Tuesday, 31 July 2012
Of piscatorial parsons
The title of the blog kind of "gives the game away"- I'm a Vicar, and I fish, but I'm far from the only one. In fact, if you stretch the definitions a bit it's a tradition that goes way back to 30AD when the first disciples were called by the shores of Lake Galilee, a point Isaak Walton ( himself not a clergyman, but close friends with many, including the poet and Anglican Dean John Donne) was always keen to make. Famous fishing clergymen have included Charles Kingsley, author not only of "The Water Babies" but also of a fly fishing work entitled "Chalk Stream Studies" and Francis Kilvert whose country diaries remain popular to this day. Probably the greatest of all angling Vicars was the Rev EC Alston who died in 1977 aged 82, who for a while held both the rudd and tench records simultaneously, the rudd (which weighed 4 lb 8 oz) record lasting for over half a century before it was finally eclipsed. Perhaps the best known angling minister around at the moment is Stewart Bloor, pastor of a Baptist church in the Midlands whose weekly fishing blogs, Facebook and Twitter feeds are followed by an army of loyal fans.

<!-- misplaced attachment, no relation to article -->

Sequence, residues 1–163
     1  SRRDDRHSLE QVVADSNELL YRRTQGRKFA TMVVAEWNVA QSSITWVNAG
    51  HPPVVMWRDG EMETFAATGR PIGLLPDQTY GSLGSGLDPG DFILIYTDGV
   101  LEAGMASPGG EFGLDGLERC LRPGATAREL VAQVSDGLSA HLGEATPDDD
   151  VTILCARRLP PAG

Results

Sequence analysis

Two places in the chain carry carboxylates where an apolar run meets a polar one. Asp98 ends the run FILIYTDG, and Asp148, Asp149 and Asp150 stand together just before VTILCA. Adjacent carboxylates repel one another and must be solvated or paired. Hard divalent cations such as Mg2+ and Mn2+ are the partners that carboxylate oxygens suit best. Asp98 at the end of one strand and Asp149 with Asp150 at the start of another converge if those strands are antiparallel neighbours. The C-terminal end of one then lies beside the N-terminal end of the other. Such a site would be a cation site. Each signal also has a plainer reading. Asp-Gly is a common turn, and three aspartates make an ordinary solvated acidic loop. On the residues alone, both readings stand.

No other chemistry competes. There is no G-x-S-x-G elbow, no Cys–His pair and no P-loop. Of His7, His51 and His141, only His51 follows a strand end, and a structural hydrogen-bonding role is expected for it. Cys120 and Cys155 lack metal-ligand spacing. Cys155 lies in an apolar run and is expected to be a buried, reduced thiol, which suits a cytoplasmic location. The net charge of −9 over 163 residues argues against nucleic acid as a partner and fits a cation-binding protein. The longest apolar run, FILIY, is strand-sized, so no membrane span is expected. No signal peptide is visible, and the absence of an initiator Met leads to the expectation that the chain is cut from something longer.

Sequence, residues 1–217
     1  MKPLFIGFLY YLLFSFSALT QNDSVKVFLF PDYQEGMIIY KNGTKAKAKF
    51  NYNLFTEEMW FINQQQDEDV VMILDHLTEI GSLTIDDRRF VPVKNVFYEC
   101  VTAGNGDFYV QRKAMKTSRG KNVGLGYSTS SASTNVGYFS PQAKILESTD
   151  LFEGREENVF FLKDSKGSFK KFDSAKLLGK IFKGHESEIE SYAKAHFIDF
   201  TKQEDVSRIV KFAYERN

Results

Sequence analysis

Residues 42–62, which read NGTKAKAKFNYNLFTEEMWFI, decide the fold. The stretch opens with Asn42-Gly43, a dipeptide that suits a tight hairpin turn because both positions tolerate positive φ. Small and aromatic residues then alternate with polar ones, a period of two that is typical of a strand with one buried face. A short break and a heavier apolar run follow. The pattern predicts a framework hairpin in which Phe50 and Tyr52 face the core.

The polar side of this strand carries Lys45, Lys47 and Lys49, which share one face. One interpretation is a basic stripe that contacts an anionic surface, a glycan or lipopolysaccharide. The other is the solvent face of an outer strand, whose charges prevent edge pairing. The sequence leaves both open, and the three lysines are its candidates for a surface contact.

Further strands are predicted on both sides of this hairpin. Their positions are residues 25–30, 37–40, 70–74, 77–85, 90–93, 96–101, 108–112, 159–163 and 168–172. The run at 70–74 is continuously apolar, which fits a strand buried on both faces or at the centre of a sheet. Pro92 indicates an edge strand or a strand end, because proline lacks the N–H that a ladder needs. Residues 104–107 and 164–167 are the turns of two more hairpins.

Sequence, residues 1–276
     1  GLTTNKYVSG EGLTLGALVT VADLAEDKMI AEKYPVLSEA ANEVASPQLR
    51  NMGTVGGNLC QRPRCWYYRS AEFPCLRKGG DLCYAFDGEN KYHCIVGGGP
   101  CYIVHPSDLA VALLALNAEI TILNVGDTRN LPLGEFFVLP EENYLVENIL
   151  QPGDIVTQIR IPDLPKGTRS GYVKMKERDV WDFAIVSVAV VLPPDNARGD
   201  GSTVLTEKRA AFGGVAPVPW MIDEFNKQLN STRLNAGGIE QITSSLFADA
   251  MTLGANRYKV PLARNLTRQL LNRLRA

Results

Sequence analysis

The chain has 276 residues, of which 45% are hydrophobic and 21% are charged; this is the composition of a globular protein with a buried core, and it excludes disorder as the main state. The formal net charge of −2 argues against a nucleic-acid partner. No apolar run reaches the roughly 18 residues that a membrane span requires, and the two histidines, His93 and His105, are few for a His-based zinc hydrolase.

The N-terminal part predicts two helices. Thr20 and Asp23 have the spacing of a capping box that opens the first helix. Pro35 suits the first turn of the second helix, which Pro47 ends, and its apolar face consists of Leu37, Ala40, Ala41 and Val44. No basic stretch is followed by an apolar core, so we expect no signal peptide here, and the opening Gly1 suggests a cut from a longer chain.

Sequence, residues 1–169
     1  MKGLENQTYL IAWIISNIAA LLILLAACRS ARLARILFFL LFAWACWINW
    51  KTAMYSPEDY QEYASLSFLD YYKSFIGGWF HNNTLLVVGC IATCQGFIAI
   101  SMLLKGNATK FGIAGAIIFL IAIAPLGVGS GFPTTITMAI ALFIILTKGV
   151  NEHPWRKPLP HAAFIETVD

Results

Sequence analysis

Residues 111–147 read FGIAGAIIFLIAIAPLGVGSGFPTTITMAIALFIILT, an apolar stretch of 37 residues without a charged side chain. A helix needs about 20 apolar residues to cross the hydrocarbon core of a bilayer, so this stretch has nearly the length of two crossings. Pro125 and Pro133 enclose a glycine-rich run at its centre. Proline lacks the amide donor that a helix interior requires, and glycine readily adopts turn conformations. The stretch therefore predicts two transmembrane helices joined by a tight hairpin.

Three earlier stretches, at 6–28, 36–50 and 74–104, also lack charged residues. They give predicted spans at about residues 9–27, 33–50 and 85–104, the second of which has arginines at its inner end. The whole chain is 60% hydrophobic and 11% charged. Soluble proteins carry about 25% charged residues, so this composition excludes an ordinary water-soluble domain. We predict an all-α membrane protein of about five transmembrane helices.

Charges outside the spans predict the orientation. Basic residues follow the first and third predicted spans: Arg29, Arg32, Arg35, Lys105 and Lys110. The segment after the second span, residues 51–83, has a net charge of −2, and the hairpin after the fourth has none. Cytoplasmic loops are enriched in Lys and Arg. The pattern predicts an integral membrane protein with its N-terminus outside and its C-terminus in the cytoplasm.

Why so many piscatorial parsons is a mystery, perhaps it's because we only work one day a week and so have plenty of time to pursue our quarry,but I'll leave the last word (as I so often do) to that great Christian, churchman and friend of the clergy, Walton who wrote of fishing this:
"We may say of angling, as of strawberries: doubtless God could have made a better strawberry, but doubtless He never did, and so -if I may be judge- God never did make a more calm, quiet, innocent recreation than angling."